If you’re in Greece and only have the time or inclination to visit one museum, head to the National Archeological Museum in Athens. It houses some of the most important artefacts from throughout Greece, and from a number of different time periods of the country’s history.
It is considered one of the greatest museums in the world, and it’s no wonder why. The sculptures alone are enough to take your breath away.
17. The Mediterranean Diet Originated in Greece
I’m sure we’ve all heard of this dreamy way of eating, where red wine is always present, carbs are encouraged, and the olive oil flows happily. But did you know that this diet has been around since ancient times in Greece?
The Greek love affair with olives was said to begin when the goddess Athena gifted an olive tree to the city of Athens, which was devoted to her. From that point forwards, olives have been at the centre of the city’s eating habits.
Wine is also a popular part of Greek culture, and you’ll often find it in a jug on the table, waiting to be generously shared with all.
18. Greece is the third largest olive oil producer in the world – after Italy and Spain.
19. Ikaria is one of the world’s blue zones where people have the longest lifespans
Ikaria is what the scientists call a “blue zone” where people have the longest lifespans in the world. Ikaria is one of five blue zones in the world.
20. Red Meat is not eaten regularly in Greece
With so much coast surrounding the country, it’ll come as no surprise that seafood is much more commonly found on the menu. You’ll also find plenty of fruits and vegetables, as well as delicious bread.
21. Greece still has a Royal Family
The monarchy was abolished in Greece in 1874 so King Constantine II does not have any power, but he is still a King.
23. Grandparents in Greece usually live with their children’s family until they die
Very few people move out of home as such in Greece. Children will live at home until they marry and grandparents then live with their children until they die. As a result, there are very few retirement homes in Greece.
24. The Most Sexually Active Nation in the World
Reports claim that Greeks have sex on average 164 times a year, which makes them the most sexually active nation in the world.
25. The blue in Greece’s flat represents sea and sky while the white stands for freedom
The Greek flag includes nine blue-and-white horizontal stripes, which stands for the nine syllables of the Greek motto “Eleftheria i Thanatos” or “Freedom or Death”. The Greek Orthodox cross is in the upper left corner of the flag.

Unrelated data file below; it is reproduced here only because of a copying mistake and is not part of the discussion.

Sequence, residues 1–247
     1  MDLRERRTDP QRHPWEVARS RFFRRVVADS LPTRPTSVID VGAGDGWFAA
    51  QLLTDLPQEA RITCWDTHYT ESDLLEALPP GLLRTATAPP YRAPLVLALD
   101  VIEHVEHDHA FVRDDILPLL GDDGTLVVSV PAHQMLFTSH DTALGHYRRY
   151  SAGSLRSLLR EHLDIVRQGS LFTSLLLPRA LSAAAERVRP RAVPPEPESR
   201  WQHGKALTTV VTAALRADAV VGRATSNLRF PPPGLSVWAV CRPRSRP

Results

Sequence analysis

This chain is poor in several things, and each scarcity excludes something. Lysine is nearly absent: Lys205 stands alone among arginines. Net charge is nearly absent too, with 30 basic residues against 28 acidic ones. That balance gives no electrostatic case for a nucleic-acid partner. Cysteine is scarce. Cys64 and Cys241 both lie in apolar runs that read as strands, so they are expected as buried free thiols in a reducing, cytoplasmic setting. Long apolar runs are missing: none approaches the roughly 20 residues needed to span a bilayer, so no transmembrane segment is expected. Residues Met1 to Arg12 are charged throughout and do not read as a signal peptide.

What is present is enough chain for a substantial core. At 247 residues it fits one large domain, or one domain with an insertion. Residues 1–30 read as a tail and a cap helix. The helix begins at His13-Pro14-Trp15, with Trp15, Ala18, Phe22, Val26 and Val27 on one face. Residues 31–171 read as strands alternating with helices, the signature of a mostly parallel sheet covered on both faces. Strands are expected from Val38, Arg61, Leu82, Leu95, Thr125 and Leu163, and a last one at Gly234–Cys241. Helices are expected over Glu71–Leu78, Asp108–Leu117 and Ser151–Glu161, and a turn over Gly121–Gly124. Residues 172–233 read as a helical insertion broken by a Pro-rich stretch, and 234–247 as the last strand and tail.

26. Greece contributes 7% to the marble produced in the whole world.
Greece’s architecture style can be seen in marble all over the world.
27. Military Service is still compulsory
All young men in Greece must undertake military service for between six and nine months.
28. Easter is more important than Christmas.
The Greek Orthodox Church sees Christ’s resurrection as the biggest event of the year. Easter Sunday is the biggest day of celebration.
29. There are over 4,000 traditional dances in Greece.
30. Greece is the world’s largest producer of sea sponges.
Most of these sponges are produced on Kalimnos island.
31. Babies aren’t given a name until around their first birthday
Babies are often named are their grandparents in Greece. This is seen as carrying the family forward and sometimes families will have more than one child with the same name.
That name isn’t normally given until the child is baptised which tends to be near their first birthday.
32. The most visited Greek islands are Santorini, Corfu, Mykonos, Rhodes and Zante.
33. “Taking the bull by the horns” comes from a Greek myth
According to a Greek myth, Hercules saved Crete from a bull by grabbing its horns.
34. The Evil Eye is a common superstition
Mati, or the evil eye, is believed to be negative energy that can cause things such as bad luck or weakness. In the 6th century, a blue and white charm called a mati pendant was developed to protect its wearer from the evil eye. These pendants continue to be worn today.
35. Voting is mandatory
All adults 18 years of age or older must vote by law in Greece.
36. Greece is big in shipping
The crew on ships in Greece must be at least 75% Greek. And in the European Union, 70% of merchant ships are Greek.
37. Feta is the national cheese of Greece
The people of Greece have been eating feta since the time of Homer and have the highest per capita consumption of cheese in the world.
Final Thoughts on Greek Facts
Greece is one of those countries where you just know that there have been fascinating things going on since time unremembered. It is so full of life and always has been.
These days, this can be seen in museums and archaeological sites, as well as in the city streets of Athens and the little restaurants dotting the country. Everywhere you look, there’s something going on.
With these facts about Greece, you can know a little more of what Greece has to offer, in all spheres of knowledge, art and love.
Who Paid for What in this Post
I covered all of the costs involved in writing this post. However, this facts about Greece post includes affiliate links. That means if you click through and end up making a purchase I will receive a small commission. I wanted to make sure you were aware of this.